Practice-Level Variation in Warfarin Use Among Outpatients With Atrial Fibrillation (From the NCDR PINNACLE Program)
How often is warfarin underutilized in patients with atrial fibrillation (AF) at moderate to high risk of stroke?
Data on 9,113 patients (mean age 76 years) with AF and a CHADS2 score >1 were extracted from a national prospective office-based quality improvement registry (PINNACLE). The primary outcome was the rate of warfarin therapy in these patients.
Fifty-five percent of the patients with a CHADS2 score >1 were treated with warfarin. There were no significant differences in mean CHADS2 score, age, comorbidities, or rate of prior stroke between the patients who did and did not receive warfarin. There was no relationship between the CHADS2 score and treatment with warfarin. Among the patients not receiving warfarin, 51% were treated with aspirin, 4% with a thienopyridine, and 10% with aspirin plus a thienopyridine. The rate of warfarin usage ranged from 25-80% among the 20 practices that participated in the registry.
Almost 50% of outpatients with AF who have a CHADS2 score >1 and are at moderate to high risk of stroke are not treated with warfarin.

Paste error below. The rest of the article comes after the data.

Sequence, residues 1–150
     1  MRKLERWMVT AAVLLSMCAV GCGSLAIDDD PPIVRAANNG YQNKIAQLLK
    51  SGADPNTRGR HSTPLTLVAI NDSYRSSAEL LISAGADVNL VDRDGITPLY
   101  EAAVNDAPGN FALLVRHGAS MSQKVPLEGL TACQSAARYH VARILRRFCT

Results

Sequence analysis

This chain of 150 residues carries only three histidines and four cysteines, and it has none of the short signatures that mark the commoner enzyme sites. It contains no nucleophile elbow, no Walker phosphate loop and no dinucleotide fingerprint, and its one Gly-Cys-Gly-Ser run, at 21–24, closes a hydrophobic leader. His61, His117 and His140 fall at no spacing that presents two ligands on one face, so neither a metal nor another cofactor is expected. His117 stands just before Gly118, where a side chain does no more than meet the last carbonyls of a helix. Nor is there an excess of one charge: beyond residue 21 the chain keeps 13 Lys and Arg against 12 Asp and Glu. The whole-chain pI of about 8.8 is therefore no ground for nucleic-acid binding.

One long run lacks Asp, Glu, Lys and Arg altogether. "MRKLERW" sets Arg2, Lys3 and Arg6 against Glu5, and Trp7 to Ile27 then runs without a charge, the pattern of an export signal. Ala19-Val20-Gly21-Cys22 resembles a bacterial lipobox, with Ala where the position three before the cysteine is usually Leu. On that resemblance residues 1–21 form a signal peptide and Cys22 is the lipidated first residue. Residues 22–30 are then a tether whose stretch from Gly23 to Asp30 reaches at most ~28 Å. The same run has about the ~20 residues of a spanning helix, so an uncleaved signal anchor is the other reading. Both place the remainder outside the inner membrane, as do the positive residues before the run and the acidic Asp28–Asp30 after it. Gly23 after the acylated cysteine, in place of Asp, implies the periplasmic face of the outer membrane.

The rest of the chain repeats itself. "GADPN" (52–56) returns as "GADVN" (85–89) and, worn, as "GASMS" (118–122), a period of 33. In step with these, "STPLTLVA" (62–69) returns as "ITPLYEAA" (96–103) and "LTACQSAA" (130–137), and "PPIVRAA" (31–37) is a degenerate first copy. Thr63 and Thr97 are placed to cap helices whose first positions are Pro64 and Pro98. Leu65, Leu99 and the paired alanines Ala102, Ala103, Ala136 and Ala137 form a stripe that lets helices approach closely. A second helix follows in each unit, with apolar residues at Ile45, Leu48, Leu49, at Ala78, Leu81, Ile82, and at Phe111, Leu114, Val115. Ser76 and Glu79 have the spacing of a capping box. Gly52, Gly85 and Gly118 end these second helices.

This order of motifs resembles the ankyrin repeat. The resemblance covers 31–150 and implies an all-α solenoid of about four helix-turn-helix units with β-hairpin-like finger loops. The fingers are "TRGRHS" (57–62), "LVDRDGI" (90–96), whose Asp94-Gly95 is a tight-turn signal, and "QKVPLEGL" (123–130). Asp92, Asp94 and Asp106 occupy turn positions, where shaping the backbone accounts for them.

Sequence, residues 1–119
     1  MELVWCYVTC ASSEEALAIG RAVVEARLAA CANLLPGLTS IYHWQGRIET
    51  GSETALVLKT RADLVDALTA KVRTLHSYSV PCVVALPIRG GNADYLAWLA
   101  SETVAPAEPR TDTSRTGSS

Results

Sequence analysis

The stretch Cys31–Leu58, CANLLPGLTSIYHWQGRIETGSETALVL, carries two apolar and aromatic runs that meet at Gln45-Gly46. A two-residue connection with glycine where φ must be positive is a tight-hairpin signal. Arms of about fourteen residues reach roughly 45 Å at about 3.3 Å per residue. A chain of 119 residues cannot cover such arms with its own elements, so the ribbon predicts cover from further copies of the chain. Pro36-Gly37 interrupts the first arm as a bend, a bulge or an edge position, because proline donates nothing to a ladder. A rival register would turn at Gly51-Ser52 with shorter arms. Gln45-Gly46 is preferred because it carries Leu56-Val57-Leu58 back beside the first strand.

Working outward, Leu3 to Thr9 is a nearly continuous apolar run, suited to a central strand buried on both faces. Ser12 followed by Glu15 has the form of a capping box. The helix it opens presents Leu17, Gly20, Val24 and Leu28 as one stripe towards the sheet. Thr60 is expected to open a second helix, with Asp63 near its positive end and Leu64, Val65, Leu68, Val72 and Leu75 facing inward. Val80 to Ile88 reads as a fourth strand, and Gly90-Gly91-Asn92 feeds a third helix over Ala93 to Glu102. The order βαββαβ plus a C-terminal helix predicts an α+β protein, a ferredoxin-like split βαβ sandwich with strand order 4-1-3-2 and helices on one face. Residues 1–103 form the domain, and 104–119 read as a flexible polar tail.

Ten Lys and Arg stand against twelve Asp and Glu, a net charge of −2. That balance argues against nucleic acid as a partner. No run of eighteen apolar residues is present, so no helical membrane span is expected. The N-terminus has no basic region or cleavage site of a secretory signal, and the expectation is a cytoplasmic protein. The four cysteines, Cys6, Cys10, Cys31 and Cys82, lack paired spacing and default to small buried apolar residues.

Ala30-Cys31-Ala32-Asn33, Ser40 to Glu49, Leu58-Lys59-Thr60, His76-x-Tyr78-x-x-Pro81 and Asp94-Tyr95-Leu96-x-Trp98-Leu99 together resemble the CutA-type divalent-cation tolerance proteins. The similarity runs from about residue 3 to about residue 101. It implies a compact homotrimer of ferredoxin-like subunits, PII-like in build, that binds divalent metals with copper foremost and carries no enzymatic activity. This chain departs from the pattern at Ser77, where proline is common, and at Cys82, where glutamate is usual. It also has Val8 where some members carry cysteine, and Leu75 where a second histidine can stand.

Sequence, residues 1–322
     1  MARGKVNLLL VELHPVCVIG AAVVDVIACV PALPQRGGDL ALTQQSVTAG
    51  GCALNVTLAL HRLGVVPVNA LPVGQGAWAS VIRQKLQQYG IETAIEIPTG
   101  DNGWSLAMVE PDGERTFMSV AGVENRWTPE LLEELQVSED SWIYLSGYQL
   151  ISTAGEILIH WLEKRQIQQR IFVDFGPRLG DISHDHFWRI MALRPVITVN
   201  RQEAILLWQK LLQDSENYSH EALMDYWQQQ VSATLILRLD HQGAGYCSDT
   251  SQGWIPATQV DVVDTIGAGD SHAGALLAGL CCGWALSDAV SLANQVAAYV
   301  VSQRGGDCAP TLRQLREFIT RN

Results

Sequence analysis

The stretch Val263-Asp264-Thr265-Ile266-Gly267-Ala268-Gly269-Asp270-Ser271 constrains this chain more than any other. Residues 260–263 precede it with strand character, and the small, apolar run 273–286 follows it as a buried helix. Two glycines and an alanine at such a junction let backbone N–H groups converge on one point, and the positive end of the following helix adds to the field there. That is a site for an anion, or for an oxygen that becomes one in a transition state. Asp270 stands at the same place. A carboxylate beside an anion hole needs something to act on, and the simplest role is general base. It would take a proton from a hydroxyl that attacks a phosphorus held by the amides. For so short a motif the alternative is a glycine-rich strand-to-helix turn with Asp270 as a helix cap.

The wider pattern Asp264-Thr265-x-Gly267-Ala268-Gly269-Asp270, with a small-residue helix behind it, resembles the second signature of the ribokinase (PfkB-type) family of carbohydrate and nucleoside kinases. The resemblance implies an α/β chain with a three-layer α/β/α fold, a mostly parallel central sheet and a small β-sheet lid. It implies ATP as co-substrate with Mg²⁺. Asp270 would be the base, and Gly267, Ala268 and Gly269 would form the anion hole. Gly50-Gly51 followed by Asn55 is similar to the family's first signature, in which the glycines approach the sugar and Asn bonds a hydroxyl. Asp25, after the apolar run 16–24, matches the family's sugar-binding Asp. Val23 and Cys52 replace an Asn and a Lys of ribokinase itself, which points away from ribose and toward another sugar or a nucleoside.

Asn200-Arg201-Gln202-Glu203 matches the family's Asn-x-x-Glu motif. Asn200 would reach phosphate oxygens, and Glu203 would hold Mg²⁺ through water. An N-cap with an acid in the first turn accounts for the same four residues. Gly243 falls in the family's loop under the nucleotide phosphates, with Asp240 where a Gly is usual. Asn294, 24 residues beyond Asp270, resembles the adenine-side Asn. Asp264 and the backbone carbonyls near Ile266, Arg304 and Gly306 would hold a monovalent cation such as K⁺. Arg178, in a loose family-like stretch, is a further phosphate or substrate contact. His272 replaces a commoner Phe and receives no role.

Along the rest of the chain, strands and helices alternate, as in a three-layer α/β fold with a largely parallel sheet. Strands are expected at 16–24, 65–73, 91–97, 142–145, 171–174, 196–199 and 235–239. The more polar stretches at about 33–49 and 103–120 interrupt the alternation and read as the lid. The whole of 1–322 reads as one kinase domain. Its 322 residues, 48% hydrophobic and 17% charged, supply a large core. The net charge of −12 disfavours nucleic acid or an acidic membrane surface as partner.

This study confirms the results of prior studies that have demonstrated widespread underutilization of warfarin in AF patients with risk factor profiles that justify the use of warfarin. Although the specific reasons for underutilization were not documented in this or prior studies, it is likely that the inconveniences and risk of hemorrhagic complications associated with warfarin are major factors. It is possible that dabigatran, which is not associated with many of the inconveniences of warfarin, will improve the utilization of oral anticoagulant therapy, but this remains to be seen.
Keywords: Stroke, Warfarin, Comorbidity, Pyridines, Risk Factors, Registries, beta-Alanine, Outpatients, Benzimidazoles
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